7.    Grades:  Your letter grade will be based 40% on the final paper, 10% on your clippings file, 25% on the e-mail messages and the two 2-page papers, and 25% on class presentations and your class participation.


Required Reading 

Childs, James M. Jr.           
Ethics in Business – Faith at Work
;    Minneapolis, MN,   Augsburg Press, 1995 

Friedman, Thomas L.       
The Lexus and the Olive Tree        New York, NY,
     Anchor Books, 2000   

Ignatieff, Michael.           
The Needs of Strangers:  An Essay on Privacy, Solidarity  and the
Politics of Being Human           New York, NY, Picador, 2001                           

Rion, Michael                
The Responsible Manager
      West Hartford, CT,    Resources for Ethics and Management, 1996               

Solomon, Robert C.      
Ethics and Excellence – Cooperation and Integrity in Business           New York, NY Oxford University Press, 1992                             


Other Reading

Additional books and readings will be on the Reserve Bookshelf in the Seminary library during the Spring Term.  The Library is open M-Th: 9a-9p; Fr: 9a-5p; Sat: 8:30a-3p.

We will also provide a Course Packet with selected readings from the following two books, also on Library Reserve:

Mosher, Lucinda Allen.  Religion and Society:  The Role of Compassion, Selfless Service and Social Justice in Five Major Faith Traditions

Stackhouse, Max L. et. al.  On Moral Business:  Classical and Contemporary Resources for Ethics in Economic Life.


Course Sequence and Assignments

JANUARY 25  Assignment     COURSE OVERVIEW                                             Class 1

CLASSWORK: Introductions, Overview of the Course, Video excerpts from “Other People’s Money” and discussion of course themes. Sign up for the reading and paper presentations.


FEBRUARY 1 Assignment     GLOBAL CONTEXT                                                Class 2

READ:   Friedman “The Lexus and the Olive Tree”  pp.  29-111, 167-193. 108 pages (page numbers from updated 2000 paperback version)

CLASSWORK:  Discuss the realities of globalization, where Friedman has it right, where you disagree.  Also discuss ethical issues related to globalization raised in the past week’s commercial or religious press –always good issues to be raised for discussion.


FEBRUARY 8  Assignment    GLOBAL CONTEXT                                                Class 3

READ:  Friedman, “The Lexus and the Olive Tree,”  pp.  193-247, 367-405.  92 pages

CLASSWORK:   Discuss Friedman further.  Continue to discuss ethical issues related to globalization raised in the press.


FEBRUARY 15   Assignment   THEOLOGICAL PERSPECTIVES                       Class 4

READ:  Course packet excerpts from Mosher and On Moral Business regarding Jewish, Christian and Muslim perspectives on faith, economics and responsible living.  89 pages.

CLASSWORK: Discussion of religious perspectives on faith, ethics and economics. 



READ:  Course packet excerpts from On Moral Business for Class 5.  40 pages.

CLASSWORK:  Discuss the relationship between religion, culture and the development of the modern capitalist economy.  Discuss case topics for Class 12 and develop plans.


MARCH 1   Assignment     THE NEEDS OF STRANGERS                                    Class 6

READ:  Ignatieff, pages 9-142.  133 pages.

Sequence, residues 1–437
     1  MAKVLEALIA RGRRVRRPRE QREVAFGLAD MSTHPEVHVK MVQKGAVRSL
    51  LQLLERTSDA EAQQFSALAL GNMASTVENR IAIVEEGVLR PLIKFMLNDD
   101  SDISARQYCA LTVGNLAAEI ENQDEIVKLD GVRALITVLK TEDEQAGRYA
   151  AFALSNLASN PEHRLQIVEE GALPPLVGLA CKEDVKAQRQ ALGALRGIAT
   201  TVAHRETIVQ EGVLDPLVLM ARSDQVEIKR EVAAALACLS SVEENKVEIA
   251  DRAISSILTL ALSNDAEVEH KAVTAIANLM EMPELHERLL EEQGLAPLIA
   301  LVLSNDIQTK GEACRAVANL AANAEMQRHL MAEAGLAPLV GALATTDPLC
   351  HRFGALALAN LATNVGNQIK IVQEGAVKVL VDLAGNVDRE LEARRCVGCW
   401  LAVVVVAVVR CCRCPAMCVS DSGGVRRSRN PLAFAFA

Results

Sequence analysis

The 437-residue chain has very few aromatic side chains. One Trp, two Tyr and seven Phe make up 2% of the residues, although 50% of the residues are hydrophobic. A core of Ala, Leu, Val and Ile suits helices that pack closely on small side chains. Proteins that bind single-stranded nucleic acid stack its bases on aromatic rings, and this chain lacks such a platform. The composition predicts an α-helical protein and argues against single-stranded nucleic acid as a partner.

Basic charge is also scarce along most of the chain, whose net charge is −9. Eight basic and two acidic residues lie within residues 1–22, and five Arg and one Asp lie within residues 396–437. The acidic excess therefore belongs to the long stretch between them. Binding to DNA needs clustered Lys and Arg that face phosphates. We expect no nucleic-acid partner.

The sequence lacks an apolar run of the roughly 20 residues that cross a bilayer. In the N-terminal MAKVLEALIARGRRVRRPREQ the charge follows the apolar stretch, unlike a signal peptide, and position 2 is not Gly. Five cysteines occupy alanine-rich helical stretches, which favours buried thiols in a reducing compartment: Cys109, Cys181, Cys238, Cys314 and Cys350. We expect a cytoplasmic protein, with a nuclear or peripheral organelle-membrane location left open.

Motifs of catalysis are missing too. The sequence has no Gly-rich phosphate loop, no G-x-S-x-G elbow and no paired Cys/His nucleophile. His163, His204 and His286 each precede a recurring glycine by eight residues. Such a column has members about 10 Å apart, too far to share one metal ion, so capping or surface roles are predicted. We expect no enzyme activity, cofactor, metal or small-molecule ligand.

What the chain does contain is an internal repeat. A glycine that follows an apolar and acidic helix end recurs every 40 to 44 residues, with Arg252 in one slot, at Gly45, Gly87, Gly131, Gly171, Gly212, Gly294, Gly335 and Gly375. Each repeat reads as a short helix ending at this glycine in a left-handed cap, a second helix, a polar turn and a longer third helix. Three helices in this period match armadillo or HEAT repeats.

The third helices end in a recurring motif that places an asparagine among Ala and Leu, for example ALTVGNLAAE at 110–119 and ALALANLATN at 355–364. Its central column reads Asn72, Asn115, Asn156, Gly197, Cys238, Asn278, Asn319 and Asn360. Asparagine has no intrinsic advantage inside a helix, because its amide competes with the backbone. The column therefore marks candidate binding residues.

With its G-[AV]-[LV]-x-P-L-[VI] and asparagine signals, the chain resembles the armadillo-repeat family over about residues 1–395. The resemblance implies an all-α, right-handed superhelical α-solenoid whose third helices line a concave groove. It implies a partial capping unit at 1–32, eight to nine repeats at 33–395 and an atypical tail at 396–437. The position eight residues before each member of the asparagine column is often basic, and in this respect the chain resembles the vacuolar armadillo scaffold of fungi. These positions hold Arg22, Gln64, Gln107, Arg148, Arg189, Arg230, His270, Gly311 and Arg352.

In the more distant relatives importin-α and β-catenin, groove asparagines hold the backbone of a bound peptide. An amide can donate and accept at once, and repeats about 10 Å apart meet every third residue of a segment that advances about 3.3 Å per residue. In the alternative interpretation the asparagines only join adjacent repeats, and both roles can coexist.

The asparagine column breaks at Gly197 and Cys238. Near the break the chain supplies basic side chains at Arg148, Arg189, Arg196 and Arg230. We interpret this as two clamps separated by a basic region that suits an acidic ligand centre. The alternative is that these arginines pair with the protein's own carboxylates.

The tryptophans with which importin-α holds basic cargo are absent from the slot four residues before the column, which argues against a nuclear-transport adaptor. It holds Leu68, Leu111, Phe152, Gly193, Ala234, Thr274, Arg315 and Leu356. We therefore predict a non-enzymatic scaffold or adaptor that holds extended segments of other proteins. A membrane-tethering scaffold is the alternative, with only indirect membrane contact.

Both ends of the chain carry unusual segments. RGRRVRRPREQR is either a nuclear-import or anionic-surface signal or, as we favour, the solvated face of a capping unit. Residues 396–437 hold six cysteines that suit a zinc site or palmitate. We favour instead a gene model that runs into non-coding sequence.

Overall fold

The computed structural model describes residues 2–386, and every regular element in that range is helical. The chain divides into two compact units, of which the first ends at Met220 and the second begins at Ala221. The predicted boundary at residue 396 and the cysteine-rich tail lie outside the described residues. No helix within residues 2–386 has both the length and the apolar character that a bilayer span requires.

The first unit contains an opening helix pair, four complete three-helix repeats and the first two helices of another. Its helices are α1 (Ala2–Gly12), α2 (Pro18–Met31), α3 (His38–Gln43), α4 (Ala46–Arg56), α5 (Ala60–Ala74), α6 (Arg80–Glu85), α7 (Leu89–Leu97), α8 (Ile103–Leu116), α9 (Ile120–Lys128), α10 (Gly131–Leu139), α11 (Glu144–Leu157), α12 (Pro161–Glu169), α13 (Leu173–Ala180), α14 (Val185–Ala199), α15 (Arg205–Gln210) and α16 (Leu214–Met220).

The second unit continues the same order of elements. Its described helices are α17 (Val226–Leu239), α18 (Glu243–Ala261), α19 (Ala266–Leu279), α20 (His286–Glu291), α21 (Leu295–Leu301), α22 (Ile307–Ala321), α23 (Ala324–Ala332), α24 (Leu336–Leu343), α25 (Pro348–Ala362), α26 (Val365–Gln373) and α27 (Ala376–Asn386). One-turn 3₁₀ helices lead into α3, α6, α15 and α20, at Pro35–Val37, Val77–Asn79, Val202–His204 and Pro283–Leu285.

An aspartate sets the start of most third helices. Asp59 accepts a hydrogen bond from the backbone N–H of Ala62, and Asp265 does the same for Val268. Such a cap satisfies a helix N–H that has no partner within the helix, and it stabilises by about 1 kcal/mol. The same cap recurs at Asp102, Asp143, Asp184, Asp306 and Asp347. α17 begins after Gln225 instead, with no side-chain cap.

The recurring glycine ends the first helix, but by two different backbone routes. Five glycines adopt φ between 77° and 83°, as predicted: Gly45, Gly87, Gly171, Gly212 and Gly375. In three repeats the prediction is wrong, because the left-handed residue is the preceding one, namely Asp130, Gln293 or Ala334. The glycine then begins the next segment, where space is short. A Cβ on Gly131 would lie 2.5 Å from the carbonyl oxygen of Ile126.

CLASSWORK: Discuss Ignatieff’s ideas about solidarity in light of the issues and ideas raised in the preceding classes.



READ:    Childs “Ethics in Business” pp. 1-27, Course packet excerpts from On Moral Business for class 7.  63 pages.

WRITE:  Write paper on “My Calling- Past, Present, Future” 2 page, double spaced

CLASSWORK: Turn in your paper. Discuss business and non-profit management as religious vocations.


MARCH 15     Assignment    BUSINESS ORGANIZATIONS                             Class 8

READ:  Solomon, Chapters 1,2,6,7,8,9,11,13,15,16, and choose one from chapters 18-24 that interests you most.   116 pages plus the extra chapter

CLASSWORK: Discuss how it is that organizations can be “ethical,” the ways managers can strengthen ethical conduct in organizations and the challenges they face.  Discuss organization ethics issues in recent weeks in the press.


MARCH 22                   NO CLASSES THIS WEEK




READ:  Course packet of readings to be provided well ahead of time.

WRITE:  Develop a three page outline of your final paper, bring two copies.

CLASSWORK:  View video tape of Frances Hesselbein (Girl Scouts) and General Dave Palmer (West Point).  Discuss the distinctive opportunities and challenges for ethics in nonprofit and public organizations .    Small group discussions of outlines.


APRIL 5    Assignment      ETHICAL DECISION MAKING                                 Class 10


READ:  Rion, “The Responsible Manager,”  pp. v-129.  134 pages

WRITE:  Write a 2 page double-spaced analysis/reflection of one of Rion’s six cases.


CLASSWORK:   Discussion of cases and ethical decision-making theory and practice.



APRIL 12     Assignment      ETHICAL DECISION MAKING                          Class 11


READ:   Childs, “Ethics in Business – Faith at Work” pp. 28-148. 120 pages

WRITE:  Revise your case analysis/reflection in light of Childs reading.

CLASSWORK:   Turn in and discuss papers.  Discuss the role of faith in ethical decision making.


APRIL 19    Assignment      CASE APPLICATIONS                                         Class 12

READ:    To be determined with class


CLASSWORK:   Discussion of one or more cases from the news that we will select earlier in the term.  Purpose is to bring together all the resources of the course to assessing one or more important issues.  



APRIL 26    Assignment              LAST CLASS                                                       Class 13

No Assignment.  Work on your Final Paper

Some conclusions about the future of ethics in the US and the world.


MAY 16   Turn in Final Paper at Reception Desk in Envelope marked Worth Loomis. 


Sign-Up Sheet for Class Presentations



Presentation Topic









Theological readings – Jewish tradition



Theological readings –Christian tradition



Theological readings- Islamic tradition



Religion and the modern economy



Ignatieff, Needs of Strangers



Management as a vocation



Business organizations



Non profit and public organizations



Rion decision making approach



Childs decision making approach



Case Application



Case Application


Write your name down for three different Presentations.  Mark your preferences 1,2,3 - if you care. 


Hartford Seminary  77 Sherman Street  Hartford, CT  06105   860-509-9500